• thedirektor - July 11, 2012 5:10 a.m.

    I will comment about the post when I'm done reading it. Right now I'm in infinite loop with Michael Bay Presents video.
  • Cyberninja - July 11, 2012 4:19 a.m.

    Nintendo is the only argument you need when people say games are lacking creativity and innovation.
  • OohWiiUILookJustLikeBuddyHolly - July 11, 2012 4:32 a.m.

    I'm sorry but adding crappy motion controls to Legend of Zelda: Ocarina of Majora's twilight swordswaker just doesn't count as innovation.
  • gopikmin - July 11, 2012 5:07 a.m.

    it is innovation. look up the definition of innovation. motion control is fairly decent unless you move your arms spasmaticly
  • SignorSpielbergo - July 11, 2012 3:48 a.m.

    Sorry Dave but I sort of agree with David Cage - at least to a degree. You are right about all of those games that you mentioned, but all of them are either low-budget indie titles or PC (with the exception of Dishonoured). Mainstream gaming for someone like me revolves around consoles - I have a PS3 and a laptop, and gaming to me comes out of my tellybox from my expensive console what I spent loads of money on while I sit on my sofa. While there are definitely great, original games on the PSN (Journey, Quantum Conundrum, etc) they just aren't the same as a big-budget, blockbuster release. When incredible, full-price games come through, they tend to struggle (Bulletstorm, Rayman: Origins). Games like these are the kind of thing we love playing the most, hence why we pay so much for them - they're big-budget entertainment and we want the most from them for our hard-spent cash. Cage's point is relevant in the same way as your argument about film is valid - for every Battleship, there's a Primer, but you really have to look hard to find those quality films. Sticking with this parallel, Cage want's more Inceptions in the industry - huge, big-budget, AAA titles that sell brilliantly, but have incredible intelligence and originality. Trouble is, they're rare, and he wants to make one of those games, which is something to be applauded, surely? Having said this, I do feel that the past couple of years have given us some of the best games ever made. Uncharted 3, Portal 2, Batman: Arkham City & Skyrim have all snuck into my top games of all time list, so AAA originality isn't dead, but I do feel that Cage's point is that for every one of those there are 5 Duke Nukem's and 6 Medal of Honour's.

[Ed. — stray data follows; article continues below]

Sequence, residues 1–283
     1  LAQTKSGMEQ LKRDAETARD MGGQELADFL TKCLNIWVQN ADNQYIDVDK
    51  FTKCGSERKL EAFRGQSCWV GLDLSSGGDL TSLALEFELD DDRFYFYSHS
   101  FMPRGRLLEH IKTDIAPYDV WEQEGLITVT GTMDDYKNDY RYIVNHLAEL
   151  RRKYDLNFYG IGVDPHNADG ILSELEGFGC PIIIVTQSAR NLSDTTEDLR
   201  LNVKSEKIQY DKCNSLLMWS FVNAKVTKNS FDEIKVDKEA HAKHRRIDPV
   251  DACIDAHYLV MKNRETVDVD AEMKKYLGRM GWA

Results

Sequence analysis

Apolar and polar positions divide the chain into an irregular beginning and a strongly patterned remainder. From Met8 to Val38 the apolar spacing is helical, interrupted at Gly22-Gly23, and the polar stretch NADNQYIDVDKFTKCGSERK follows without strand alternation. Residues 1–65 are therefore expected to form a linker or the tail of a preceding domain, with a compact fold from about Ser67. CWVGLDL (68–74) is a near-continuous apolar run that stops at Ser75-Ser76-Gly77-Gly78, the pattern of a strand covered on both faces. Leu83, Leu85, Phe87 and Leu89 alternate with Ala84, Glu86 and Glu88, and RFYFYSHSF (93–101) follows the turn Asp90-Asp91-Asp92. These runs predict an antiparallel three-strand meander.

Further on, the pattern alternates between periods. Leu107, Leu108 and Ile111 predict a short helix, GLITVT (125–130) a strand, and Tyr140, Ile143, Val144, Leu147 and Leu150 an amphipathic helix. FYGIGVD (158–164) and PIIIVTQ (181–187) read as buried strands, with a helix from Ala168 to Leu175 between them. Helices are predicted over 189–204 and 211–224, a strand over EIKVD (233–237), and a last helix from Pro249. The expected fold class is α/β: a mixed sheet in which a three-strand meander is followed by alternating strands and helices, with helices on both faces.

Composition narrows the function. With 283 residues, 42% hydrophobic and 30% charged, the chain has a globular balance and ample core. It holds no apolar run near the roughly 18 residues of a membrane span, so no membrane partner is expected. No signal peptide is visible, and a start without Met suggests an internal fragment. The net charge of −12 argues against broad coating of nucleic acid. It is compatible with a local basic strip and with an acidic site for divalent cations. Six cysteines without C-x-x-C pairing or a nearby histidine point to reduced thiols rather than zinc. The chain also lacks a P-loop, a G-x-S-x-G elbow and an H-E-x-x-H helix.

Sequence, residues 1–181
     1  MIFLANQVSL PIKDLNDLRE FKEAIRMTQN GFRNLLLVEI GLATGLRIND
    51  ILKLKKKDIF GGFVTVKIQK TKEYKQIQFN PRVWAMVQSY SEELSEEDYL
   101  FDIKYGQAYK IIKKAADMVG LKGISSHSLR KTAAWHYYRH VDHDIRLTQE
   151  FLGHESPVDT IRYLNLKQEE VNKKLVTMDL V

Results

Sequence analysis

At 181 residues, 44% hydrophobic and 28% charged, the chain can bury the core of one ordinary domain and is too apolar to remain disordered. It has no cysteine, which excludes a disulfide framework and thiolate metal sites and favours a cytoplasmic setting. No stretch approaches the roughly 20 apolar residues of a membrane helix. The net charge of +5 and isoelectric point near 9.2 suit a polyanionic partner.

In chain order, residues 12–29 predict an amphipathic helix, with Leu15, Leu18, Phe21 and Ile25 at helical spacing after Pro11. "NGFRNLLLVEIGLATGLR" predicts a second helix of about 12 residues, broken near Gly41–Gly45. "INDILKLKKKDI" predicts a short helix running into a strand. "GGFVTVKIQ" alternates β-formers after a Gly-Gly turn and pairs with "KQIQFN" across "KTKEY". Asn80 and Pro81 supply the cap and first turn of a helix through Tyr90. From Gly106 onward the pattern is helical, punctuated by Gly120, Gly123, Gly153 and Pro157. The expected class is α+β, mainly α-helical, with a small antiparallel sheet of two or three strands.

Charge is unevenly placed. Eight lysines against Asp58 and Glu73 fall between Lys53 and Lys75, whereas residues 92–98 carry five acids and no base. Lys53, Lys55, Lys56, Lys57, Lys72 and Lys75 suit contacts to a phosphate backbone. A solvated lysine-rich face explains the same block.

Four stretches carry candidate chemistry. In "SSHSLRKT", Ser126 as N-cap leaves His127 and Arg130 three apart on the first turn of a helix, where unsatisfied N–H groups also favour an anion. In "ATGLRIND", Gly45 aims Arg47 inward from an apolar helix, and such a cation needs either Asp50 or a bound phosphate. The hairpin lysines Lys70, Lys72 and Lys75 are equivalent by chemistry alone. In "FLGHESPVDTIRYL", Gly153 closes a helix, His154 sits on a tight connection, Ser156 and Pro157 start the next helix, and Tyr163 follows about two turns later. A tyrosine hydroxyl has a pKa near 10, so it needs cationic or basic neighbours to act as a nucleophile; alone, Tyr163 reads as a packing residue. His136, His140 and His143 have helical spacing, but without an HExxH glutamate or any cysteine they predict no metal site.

• yonderTheGreat - July 11, 2012 4:06 a.m.

    Yeah, except you're wrong. There has never been a better time to be a game-maker. You've got traditional game-making routes, as well as games for phones, games for XBLA and PSN, Valve's Steam platform, and a new console generation coming up in 1.5 years. The idea that innovation is dead has never been more wrong, except for possibly the very, very early 80s and the very early 90s. We're in a heyday. If you can't understand that, it's your own fault.
  • bebl09 - July 11, 2012 10:25 a.m.